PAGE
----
LIFEPLAN Brings 12.6 million EUR to Aid BIOSCAN’s Progress
LIFEPLAN, a six-year, 12.6 million EUR project led by the University of Helsinki has joined BIOSCAN, a research program overseen by the International Barcode of Life (iBOL) Consortium. By gathering standardized data for species on a global scale and by mapping patterns of biodiversity using species distribution models, LIFEPLAN will energize BIOSCAN’s efforts to advance understanding of the many multicellular species that await discovery.
LIFEPLAN has the overarching goal of collecting biodiversity data and designing statistical methods to assess the effects of climate change and land use on species diversity. Supported by a Synergy grant from the European Research Council, LIFEPLAN will develop transformative statistical methods for analyzing Big Ecological Data with the goal of generating a new understanding of life on Earth.
Global participation in LIFEPLAN
LIFEPLAN involves a transdisciplinary team of experts in community ecology, statistics, and species recognition methods. Professor Otso Ovaskainen of the Faculty of Biological and Environmental Sciences at the University of Helsinki leads LIFEPLAN. It will sample urban and natural sites at 100 locations from late 2020 to 2027. “We are more than excited to see that 150 teams from all over the globe have registered their interest to join LIFEPLAN. We are seeking co-funding to include as many teams as possible beyond the 100 which will be supported by the Synergy award. Furthermore, while the spatial coverage of the sampling locations is already great, we would welcome teams from areas that are gaps in our current sampling coverage”, says Ovaskainen.
LIFEPLAN’s work will be advanced in collaboration with the Centre for Biodiversity Genomics (CBG) at the University of Guelph, iBOL’s home base. The CBG’s Director, Professor Paul Hebert, is leading efforts to collect the pilot data needed to implement LIFEPLAN’s massive sampling program. Once the project is in full flight, the CBG will support sequence characterization of the many samples that will be collected using Malaise traps, Cyclone samplers, and by harvesting plant roots and soil. Hebert stated that “the CBG is delighted to aid a project which will make such an important contribution to our understanding of global biodiversity patterns”.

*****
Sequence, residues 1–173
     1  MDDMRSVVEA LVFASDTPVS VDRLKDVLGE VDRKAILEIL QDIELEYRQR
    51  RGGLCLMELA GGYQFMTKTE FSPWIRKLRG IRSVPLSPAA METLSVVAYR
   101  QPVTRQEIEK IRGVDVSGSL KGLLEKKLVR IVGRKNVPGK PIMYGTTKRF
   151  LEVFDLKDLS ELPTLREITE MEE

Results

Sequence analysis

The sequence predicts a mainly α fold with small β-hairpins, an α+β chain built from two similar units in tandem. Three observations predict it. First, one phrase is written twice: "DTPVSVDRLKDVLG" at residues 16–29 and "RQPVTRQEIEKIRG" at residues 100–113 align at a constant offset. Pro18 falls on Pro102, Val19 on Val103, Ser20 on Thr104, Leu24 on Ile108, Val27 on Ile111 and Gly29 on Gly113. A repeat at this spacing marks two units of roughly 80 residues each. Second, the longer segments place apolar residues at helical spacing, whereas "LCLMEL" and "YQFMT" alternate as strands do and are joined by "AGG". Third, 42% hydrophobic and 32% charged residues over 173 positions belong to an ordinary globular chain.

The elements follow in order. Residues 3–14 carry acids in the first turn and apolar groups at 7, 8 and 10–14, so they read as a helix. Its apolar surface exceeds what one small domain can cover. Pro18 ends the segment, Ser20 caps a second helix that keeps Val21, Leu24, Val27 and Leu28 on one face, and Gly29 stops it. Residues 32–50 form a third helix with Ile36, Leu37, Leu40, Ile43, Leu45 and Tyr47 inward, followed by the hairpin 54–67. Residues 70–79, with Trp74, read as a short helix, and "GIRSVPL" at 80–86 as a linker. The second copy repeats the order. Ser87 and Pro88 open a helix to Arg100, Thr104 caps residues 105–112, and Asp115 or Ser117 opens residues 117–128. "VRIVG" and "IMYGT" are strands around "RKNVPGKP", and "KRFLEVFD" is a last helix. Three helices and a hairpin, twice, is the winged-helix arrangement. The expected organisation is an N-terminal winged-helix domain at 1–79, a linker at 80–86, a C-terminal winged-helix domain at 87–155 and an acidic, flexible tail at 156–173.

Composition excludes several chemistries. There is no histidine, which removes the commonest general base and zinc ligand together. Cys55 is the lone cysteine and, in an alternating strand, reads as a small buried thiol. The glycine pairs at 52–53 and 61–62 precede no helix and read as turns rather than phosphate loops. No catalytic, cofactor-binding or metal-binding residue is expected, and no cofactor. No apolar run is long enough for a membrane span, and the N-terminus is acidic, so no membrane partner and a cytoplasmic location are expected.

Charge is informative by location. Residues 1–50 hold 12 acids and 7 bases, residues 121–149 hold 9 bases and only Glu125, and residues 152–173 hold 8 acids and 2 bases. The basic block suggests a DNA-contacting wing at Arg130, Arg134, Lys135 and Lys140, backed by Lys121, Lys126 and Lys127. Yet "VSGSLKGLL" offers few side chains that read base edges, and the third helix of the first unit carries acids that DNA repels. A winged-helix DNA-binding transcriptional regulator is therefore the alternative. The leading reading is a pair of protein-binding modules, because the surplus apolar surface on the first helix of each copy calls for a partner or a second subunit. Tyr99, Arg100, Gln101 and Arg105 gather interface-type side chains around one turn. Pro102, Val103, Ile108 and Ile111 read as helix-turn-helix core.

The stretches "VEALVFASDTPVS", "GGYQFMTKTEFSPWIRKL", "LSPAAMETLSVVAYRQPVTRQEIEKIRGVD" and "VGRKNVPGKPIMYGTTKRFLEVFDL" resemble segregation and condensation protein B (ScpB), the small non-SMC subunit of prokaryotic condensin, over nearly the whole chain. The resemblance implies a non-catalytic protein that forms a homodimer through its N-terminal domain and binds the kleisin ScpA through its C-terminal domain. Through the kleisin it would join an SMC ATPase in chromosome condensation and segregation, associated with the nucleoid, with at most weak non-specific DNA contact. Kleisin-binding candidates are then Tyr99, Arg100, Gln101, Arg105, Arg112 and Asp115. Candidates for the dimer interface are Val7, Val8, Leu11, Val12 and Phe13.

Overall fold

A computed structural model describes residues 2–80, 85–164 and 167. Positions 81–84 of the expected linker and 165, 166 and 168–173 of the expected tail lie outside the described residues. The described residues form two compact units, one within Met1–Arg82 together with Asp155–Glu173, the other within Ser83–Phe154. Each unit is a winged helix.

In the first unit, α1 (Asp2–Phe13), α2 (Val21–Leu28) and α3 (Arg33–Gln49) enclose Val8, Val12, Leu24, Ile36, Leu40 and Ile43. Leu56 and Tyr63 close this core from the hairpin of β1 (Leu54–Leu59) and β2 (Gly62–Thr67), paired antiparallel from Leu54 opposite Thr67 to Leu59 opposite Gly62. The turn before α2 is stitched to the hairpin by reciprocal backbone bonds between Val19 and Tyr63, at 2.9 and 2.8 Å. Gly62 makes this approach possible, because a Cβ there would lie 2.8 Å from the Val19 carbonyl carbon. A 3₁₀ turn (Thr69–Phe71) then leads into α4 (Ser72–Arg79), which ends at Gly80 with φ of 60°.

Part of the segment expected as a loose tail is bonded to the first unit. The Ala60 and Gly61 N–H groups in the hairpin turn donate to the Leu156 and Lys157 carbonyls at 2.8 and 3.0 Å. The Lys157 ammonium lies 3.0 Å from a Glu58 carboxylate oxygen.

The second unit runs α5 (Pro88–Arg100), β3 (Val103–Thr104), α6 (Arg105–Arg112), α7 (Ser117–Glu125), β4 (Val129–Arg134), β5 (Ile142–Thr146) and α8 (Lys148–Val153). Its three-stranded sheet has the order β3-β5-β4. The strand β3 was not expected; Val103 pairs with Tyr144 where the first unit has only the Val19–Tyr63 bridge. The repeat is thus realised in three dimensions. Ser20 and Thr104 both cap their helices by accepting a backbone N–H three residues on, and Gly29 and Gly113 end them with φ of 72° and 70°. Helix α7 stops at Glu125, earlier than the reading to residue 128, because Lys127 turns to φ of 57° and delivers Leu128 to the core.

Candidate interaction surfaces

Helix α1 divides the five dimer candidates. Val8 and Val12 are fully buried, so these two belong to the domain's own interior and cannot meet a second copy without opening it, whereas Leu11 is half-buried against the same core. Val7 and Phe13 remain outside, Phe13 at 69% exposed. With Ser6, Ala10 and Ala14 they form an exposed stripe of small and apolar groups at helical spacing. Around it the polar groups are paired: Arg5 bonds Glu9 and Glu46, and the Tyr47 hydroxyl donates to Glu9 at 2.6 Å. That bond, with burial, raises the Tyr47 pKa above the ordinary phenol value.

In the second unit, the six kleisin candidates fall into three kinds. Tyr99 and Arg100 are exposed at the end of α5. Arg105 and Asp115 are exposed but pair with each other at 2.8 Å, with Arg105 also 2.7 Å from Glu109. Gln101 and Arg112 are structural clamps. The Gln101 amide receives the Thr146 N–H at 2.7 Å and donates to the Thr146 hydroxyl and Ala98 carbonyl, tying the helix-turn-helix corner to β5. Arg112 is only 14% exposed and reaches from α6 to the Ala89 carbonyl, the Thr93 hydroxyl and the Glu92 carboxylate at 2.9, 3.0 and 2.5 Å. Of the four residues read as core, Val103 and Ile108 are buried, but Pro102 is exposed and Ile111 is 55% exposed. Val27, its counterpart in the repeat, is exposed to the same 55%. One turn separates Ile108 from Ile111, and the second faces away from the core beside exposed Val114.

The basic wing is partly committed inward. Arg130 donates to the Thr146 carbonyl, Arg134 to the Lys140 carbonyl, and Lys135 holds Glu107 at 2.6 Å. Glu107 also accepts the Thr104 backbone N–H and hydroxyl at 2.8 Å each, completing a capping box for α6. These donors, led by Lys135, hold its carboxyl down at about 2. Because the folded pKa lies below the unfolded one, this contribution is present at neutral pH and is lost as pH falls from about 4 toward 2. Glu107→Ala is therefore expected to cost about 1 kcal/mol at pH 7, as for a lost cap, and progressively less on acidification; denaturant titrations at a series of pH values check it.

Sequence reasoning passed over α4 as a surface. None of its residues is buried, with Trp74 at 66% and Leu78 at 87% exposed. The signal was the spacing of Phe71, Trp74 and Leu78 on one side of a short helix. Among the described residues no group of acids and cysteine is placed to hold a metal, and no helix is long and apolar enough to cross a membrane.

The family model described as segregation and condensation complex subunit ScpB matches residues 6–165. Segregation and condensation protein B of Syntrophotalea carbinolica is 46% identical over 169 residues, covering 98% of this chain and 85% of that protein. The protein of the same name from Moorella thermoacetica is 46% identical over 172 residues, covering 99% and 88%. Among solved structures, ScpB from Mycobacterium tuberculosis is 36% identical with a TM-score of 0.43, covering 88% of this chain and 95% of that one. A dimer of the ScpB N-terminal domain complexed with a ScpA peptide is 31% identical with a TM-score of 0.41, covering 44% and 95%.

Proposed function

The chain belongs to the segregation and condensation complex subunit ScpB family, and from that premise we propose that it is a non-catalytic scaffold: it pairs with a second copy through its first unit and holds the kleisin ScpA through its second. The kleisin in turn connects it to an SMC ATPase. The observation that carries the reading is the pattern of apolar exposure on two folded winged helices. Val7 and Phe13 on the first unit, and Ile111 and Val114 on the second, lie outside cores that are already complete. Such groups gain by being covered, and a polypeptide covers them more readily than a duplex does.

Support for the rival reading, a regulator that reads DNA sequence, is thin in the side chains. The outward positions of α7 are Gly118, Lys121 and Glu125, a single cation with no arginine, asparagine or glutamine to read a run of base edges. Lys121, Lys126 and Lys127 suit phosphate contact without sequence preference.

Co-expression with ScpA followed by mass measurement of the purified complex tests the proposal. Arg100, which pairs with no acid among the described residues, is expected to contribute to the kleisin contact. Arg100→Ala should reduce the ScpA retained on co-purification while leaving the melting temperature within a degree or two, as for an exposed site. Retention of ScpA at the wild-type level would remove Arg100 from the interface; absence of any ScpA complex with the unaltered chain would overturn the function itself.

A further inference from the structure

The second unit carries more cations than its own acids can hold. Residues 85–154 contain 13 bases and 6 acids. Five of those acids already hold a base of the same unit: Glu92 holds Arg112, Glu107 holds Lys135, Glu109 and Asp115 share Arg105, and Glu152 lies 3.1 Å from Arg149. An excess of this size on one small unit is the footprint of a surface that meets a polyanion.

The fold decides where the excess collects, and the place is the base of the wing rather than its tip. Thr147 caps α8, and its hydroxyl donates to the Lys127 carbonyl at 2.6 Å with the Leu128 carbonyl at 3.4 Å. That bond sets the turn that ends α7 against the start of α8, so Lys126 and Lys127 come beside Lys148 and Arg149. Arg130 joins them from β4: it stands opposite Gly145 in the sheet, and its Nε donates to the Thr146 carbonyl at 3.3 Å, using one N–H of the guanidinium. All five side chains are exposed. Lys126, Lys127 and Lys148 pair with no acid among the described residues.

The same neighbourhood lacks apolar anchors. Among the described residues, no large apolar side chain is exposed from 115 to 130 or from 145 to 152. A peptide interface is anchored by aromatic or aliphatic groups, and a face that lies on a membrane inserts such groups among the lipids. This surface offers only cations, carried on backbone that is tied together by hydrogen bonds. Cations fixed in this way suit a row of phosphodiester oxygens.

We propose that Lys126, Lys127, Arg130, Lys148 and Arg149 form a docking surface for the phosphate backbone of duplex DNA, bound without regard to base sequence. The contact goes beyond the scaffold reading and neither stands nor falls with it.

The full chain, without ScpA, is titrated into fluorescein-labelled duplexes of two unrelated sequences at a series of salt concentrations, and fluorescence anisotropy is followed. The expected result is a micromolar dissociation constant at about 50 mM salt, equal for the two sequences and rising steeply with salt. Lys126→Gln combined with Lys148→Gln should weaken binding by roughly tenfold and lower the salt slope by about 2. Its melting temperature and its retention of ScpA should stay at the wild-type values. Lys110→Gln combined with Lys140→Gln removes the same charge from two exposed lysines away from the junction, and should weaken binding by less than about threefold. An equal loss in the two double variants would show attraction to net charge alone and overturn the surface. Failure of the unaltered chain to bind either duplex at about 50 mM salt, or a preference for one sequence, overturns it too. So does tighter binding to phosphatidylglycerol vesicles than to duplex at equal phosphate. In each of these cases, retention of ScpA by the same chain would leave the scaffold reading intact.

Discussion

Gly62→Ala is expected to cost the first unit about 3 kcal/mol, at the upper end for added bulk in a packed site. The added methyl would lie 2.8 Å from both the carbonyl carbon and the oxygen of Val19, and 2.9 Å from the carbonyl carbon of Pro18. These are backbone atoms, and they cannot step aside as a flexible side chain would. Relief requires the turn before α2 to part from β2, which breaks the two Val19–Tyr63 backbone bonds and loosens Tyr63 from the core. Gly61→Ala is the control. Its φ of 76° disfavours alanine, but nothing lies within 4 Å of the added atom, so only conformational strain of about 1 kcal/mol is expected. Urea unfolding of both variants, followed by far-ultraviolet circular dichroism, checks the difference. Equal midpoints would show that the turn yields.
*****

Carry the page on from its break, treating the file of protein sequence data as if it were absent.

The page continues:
The CBG’s involvement began as a collaboration focused on the Global Spore Sampling Project (GSSP) which is now a key component of LIFEPLAN. The GSSP involved 50 sampling sites on all continents which employed Cyclone samplers to survey spore diversity on a biweekly basis. A pilot study examined samples from locations in Australia, Europe, and Greenland. The results showed highly consistent patterns, suggesting that GSSP will aid systematic global fungal monitoring, enabling estimation of their total diversity, the global distribution of different groups, fruiting phenology, and long-distance dispersal. The collaboration with LIFEPLAN will also enable the integration of advanced species identification methods into the BOLD informatics platform developed by the CBG.
Ovaskainen is testing camera traps that will form one of the five sampling methods for the LIFEPLAN project
Malaise traps in a nordic environment.
International Barcode of Life Consortium
The International Barcode of Life (iBOL) Consortium is a research alliance with a mission to develop and apply a globally accessible, DNA-based system for the discovery and identification of all multicellular life. Our vision is to illuminate biodiversity for the benefit of our living planet.